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Source-grades-demo (Photo credit: Wikipedia)

 

I came across an article shared on Twitter this morning that really hit home.  (Thanks to @shighley on the #SBGchat) It was written by a mother of an 8th grader who was worried about her son’s high grades. Yes, his high grades. She goes on to explain ignored assignments, failed tests, and a general avoidance of school work. Her issue is that the feedback her son is receiving from teachers doesn’t seem to match the work her son is putting into his school work. His teachers “acknowledged the problem but put a chunk of the blame on report card limitations. There was no level between progressing well and progressing with difficulty.”

 

The article goes on to talk about how teachers should be honest with students. When they fail, they should be made aware of it. When good marks are given to help a student’s self -esteem, the short term benefits don’t outweigh the long term effects. The author goes on to mention that she would “like to think the problem lies with schools, teachers and grading…”.

 

 

 

We at Effective SC couldn’t agree more with the last word of that statement. A large part of the problem lies in the grading. Teachers, schools, and districts are bound by a system of assessment and promotion that measures the wrong thing. Schools, and for that matter any place where learning can occur, should be built around two basic ideas:

  • learning can happen
  • does happen at different paces for different people

If teachers are concerned about the learning that takes place, then they should be enabled and empowered to measure it. Standing in their way are requirements to give an end of course mark that some how summarizes everything learned,  requirements to march through curriculum at a predetermined pace no matter if it is actually learned, and requirements to allow student to progress to the next class even when students have not truly mastered the current content.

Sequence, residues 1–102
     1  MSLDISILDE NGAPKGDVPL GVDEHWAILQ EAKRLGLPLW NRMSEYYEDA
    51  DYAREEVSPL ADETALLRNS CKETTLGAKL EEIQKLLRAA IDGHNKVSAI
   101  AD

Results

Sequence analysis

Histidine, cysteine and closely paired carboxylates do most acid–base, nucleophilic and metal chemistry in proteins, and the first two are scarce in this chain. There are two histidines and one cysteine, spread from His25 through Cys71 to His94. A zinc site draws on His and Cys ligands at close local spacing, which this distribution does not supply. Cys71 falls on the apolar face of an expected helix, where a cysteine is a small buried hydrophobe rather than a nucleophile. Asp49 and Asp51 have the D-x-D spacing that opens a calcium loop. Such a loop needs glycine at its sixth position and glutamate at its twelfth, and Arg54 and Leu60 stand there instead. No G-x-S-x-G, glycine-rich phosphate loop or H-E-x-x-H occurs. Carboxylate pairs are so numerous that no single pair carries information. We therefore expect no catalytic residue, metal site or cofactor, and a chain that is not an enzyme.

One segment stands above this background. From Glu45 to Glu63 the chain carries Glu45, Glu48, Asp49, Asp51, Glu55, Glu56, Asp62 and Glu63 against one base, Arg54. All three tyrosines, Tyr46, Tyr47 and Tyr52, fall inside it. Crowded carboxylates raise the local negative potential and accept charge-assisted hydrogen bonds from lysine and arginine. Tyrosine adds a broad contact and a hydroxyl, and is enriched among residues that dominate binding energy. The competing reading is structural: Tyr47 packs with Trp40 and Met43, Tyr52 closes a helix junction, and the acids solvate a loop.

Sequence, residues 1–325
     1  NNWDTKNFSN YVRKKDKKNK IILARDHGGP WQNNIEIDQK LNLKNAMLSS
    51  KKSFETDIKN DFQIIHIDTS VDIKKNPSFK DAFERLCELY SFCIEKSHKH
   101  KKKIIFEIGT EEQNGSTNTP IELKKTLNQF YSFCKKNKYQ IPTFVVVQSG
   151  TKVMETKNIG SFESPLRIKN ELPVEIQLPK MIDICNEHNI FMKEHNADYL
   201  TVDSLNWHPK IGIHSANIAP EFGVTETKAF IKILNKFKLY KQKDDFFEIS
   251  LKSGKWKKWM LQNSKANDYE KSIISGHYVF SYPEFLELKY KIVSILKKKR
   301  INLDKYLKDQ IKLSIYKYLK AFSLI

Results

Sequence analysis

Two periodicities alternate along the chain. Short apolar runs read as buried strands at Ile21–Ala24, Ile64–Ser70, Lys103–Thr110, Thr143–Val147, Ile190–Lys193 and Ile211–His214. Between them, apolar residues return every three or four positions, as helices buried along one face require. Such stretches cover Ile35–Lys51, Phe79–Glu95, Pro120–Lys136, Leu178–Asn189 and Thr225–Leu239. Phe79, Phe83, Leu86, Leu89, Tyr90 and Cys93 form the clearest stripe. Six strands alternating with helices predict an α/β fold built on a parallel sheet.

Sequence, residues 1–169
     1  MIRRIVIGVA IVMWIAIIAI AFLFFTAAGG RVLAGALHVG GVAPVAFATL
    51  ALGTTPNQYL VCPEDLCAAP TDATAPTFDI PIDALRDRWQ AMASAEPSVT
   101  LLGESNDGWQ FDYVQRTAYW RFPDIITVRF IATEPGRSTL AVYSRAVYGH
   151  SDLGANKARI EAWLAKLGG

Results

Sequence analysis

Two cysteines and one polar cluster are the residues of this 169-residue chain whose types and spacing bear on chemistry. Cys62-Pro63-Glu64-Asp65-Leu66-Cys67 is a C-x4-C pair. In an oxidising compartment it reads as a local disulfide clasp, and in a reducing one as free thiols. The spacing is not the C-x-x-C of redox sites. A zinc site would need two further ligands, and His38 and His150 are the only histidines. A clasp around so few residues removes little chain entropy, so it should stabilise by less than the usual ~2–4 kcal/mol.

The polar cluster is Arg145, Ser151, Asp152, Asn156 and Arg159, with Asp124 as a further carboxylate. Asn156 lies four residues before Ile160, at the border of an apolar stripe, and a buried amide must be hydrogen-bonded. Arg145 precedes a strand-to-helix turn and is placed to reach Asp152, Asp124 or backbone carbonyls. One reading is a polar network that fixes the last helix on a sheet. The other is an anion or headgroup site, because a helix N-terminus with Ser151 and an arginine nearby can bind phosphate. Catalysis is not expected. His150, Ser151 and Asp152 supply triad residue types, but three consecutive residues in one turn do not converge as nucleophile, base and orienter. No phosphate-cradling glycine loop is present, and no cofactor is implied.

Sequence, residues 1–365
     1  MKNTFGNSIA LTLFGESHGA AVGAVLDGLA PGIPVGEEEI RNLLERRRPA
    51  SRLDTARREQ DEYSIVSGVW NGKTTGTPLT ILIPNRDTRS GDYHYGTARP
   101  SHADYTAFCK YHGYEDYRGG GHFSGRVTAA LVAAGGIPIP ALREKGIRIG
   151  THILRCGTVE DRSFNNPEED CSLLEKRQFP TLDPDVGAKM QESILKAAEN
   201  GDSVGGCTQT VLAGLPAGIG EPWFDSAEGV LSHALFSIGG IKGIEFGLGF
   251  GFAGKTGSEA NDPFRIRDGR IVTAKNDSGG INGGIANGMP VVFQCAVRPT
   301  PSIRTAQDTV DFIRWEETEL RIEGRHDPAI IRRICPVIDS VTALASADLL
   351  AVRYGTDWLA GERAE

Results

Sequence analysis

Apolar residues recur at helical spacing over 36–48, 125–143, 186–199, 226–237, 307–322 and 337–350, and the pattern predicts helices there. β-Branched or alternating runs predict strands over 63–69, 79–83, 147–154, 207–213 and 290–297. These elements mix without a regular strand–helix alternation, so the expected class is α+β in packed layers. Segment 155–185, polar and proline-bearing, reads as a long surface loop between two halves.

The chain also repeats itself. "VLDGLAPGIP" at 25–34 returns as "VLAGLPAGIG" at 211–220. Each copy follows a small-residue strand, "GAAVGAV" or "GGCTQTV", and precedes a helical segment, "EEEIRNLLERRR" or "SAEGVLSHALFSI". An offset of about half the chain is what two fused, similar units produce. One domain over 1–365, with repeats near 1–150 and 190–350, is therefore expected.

Rocking the boat and shifting processes that are ingrained in our culture is not an easy thing to do. Some teachers, schools, and districts have begun to move away from these traditional grading practices and systems of promotion that have allowed students to coast through school without the end results we all wish for.

High dropout rates. Low graduation rates. High college remediation rates… not what we our our students need.

Let’s spend some time and energy to figure out why our grades are not working and what steps we can take to fix them.

 

 

Effective SC

Effective Social Change is an organization devoted to using technology and process to encourage social growth. If you would like to work with us, or believe we might be able to help you, please let us know.